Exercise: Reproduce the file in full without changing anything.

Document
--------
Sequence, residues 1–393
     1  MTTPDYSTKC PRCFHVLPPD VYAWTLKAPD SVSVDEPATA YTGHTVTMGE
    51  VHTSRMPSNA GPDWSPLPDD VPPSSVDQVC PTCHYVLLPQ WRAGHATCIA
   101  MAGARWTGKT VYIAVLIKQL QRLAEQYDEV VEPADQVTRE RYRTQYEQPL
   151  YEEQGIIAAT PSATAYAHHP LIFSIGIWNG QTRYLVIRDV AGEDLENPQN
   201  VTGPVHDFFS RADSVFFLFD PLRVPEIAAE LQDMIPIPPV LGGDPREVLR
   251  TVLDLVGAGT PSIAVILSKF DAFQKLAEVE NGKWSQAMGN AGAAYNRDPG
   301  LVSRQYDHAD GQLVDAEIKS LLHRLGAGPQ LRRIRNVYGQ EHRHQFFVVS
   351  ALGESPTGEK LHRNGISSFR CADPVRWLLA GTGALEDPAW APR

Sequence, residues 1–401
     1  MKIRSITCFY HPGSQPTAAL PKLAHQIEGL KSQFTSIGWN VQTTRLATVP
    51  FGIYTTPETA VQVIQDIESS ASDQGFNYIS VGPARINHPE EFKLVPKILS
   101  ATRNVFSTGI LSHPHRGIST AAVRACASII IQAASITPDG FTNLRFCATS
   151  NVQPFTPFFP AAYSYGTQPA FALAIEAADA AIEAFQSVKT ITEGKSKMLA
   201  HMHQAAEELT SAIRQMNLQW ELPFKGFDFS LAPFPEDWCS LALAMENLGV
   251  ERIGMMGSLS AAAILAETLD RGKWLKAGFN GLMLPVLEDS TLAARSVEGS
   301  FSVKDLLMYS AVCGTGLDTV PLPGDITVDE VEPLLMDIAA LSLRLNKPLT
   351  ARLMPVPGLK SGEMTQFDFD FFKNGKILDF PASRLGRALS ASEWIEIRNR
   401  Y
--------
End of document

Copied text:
Sequence, residues 1–393
     1  MTTPDYSTKC PRCFHVLPPD VYAWTLKAPD SVSVDEPATA YTGHTVTMGE
    51  VHTSRMPSNA GPDWSPLPDD VPPSSVDQVC PTCHYVLLPQ WRAGHATCIA
   101  MAGARWTGKT VYIAVLIKQL QRLAEQYDEV VEPADQVTRE RYRTQYEQPL
   151  YEEQGIIAAT PSATAYAHHP LIFSIGIWNG QTRYLVIRDV AGEDLENPQN
   201  VTGPVHDFFS RADSVFFLFD PLRVPEIAAE LQDMIPIPPV LGGDPREVLR
   251  TVLDLVGAGT PSIAVILSKF DAFQKLAEVE NGKWSQAMGN AGAAYNRDPG
   301  LVSRQYDHAD GQLVDAEIKS LLHRLGAGPQ LRRIRNVYGQ EHRHQFFVVS
   351  ALGESPTGEK LHRNGISSFR CADPVRWLLA GTGALEDPAW APR

Sequence, residues 1–401
     1  MKIRSITCFY HPGSQPTAAL PKLAHQIEGL KSQFTSIGWN VQTTRLATVP
    51  FGIYTTPETA VQVIQDIESS ASDQGFNYIS VGPARINHPE EFKLVPKILS
   101  ATRNVFSTGI LSHPHRGIST AAVRACASII IQAASITPDG FTNLRFCATS
   151  NVQPFTPFFP AAYSYGTQPA FALAIEAADA AIEAFQSVKT ITEGKSKMLA
   201  HMHQAAEELT SAIRQMNLQW ELPFKGFDFS LAPFPEDWCS LALAMENLGV
   251  ERIGMMGSLS AAAILAETLD RGKWLKAGFN GLMLPVLEDS TLAARSVEGS
   301  FSVKDLLMYS AVCGTGLDTV PLPGDITVDE VEPLLMDIAA LSLRLNKPLT
   351  ARLMPVPGLK SGEMTQFDFD FFKNGKILDF PASRLGRALS ASEWIEIRNR
   401  Y